August 19, 2019

Israel’s Election Handbook: Netanyahu’s Leverage

Israeli Prime Minister Benjamin Netanyahu looks out a train window as he participates in a test-run of the new high-speed train between Jerusalem and Tel Aviv, near Lod, Israel September 20, 2018. REUTERS/Ronen Zvulun

We call this format a Timesaver Guide to Israel’s Coming Elections. This will be a usual feature on Rosner’s Domain until April 9. We hope to make it short, factual, devoid of election hype, and of he-said-she-said no news, unimportant inside baseball gossip.

Bottom Line
The Netanyahu coalition keeps gaining.

Main News
In a hotly debated move, the High Court bared a radical right-wing leader from running, and approved a radical left-wing candidate.

In the polls, the right-religious bloc gets a little stronger.

Benny Gantz’ phone was hacked by Iran. Details are sketchy, but rumors concerning the content that was stolen from the PM candidate are many.

Deadly attack in Ariel, violence in Gaza, put security, Palestinian issue, back on the agenda.

Most polls show that Moshe Feiglin’s libertarian Zehut gets into the next Knesset.

Developments to Watch

Material:  What happens in Gaza doesn’t always stay in Gaza. Demonstrations against Hamas, disquiet, protest, can lead to heightened tension near the border. Such tension is used by Benjamin Netanyahu’s opponents to argue does he is not tough enough and does not provide the security Israelis expect.

Political: The weakening of Kahol Lavan leads to tension within the party. The party is an amalgamation of different sections, and as the party struggles, they begin blaming each other for their misfortune.

Personal: Israelis were convinced that Gantz’ phone included personal material that could prove embarrassing to the candidate. If there is such material, it is very likely to be revealed by someone between now and Election Day. Campaigns are not good for secrets.

Political: As Kahol Lavan weakens, the Labor party gains. It is still far from being seen as more than a satellite to the left of Kahol Lavan, but if some observers (myself included) estimated that this could be the Labor’s last hurrah – the polls seem to suggest that this party is not yet gone.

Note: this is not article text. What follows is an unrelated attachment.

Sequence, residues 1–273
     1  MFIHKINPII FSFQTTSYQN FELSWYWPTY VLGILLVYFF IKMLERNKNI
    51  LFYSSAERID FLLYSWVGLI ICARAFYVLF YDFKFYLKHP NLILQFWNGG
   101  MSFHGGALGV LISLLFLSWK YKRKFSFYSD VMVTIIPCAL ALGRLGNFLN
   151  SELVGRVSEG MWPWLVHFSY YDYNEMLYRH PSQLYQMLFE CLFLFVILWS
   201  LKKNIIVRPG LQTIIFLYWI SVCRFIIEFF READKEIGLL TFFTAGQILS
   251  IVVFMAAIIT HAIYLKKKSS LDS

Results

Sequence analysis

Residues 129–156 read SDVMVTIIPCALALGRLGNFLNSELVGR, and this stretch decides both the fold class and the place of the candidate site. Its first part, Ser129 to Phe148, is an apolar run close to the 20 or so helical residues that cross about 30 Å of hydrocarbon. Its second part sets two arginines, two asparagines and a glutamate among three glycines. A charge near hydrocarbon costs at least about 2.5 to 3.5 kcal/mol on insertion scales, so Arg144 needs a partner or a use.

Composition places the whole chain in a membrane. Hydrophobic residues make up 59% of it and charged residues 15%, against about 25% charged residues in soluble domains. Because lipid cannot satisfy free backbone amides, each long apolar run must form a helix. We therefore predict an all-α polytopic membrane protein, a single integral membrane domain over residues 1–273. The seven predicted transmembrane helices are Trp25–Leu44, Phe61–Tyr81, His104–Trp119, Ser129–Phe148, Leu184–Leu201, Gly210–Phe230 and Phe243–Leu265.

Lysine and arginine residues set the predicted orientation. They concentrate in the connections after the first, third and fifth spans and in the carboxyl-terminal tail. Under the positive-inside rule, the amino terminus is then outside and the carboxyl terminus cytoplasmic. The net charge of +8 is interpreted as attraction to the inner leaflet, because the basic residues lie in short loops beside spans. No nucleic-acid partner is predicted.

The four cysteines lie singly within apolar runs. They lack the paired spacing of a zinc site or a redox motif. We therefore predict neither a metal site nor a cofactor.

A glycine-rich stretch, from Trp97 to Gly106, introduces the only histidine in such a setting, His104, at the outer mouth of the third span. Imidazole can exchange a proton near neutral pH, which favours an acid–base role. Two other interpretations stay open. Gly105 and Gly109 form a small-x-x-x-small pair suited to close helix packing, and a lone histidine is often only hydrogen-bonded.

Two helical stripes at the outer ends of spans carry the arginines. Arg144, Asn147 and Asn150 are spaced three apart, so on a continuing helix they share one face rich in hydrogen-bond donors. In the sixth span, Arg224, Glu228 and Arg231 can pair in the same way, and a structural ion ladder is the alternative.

Personal: Note the relative calm within Likud. No one challenges Netanyahu. And even his bitterest critic, Gideon Saar, is playing with the team.

The Blocs and Their Meaning

The trends seem troubling for those wanting Netanyahu gone. The Likud Party is not getting much stronger, but the gap between Likud and Kahol Lavan is closing. Without a significant gap – as Yair Lapid admitted a few days ago – it is hard to see President Reuven Rivlin denying Netanyahu a first shot at forming a coalition.

Moreover, the right-wing-religious bloc – Netanyahu’s natural turf – is getting slightly yet steadily stronger. The combined averages of right-wing and religious parties currently allows Netanyahu to form a coalition even if one of the smaller parties decides to stay out. This gives the PM an important leverage when he negotiates with his future partners. Look at the graph. If Kulanu, the more centrist of all other parties in the bloc, is unhappy with the outcome, Netanyahu could form a coalition without it. If Feiglin’s Zehut, the least predictable party, does not wish to join into a coalition that is surely not to follow its libertarian political script, Netanyahu could still go for a coalition.

Who is Netanyahu’s real enemy? The higher electoral threshold whose own coalition established. Too many parties in his bloc are dangerously close to the threshold. If one or two of them fail to get into the Knesset – for example, both Kulanu and Zehut – all bets are off.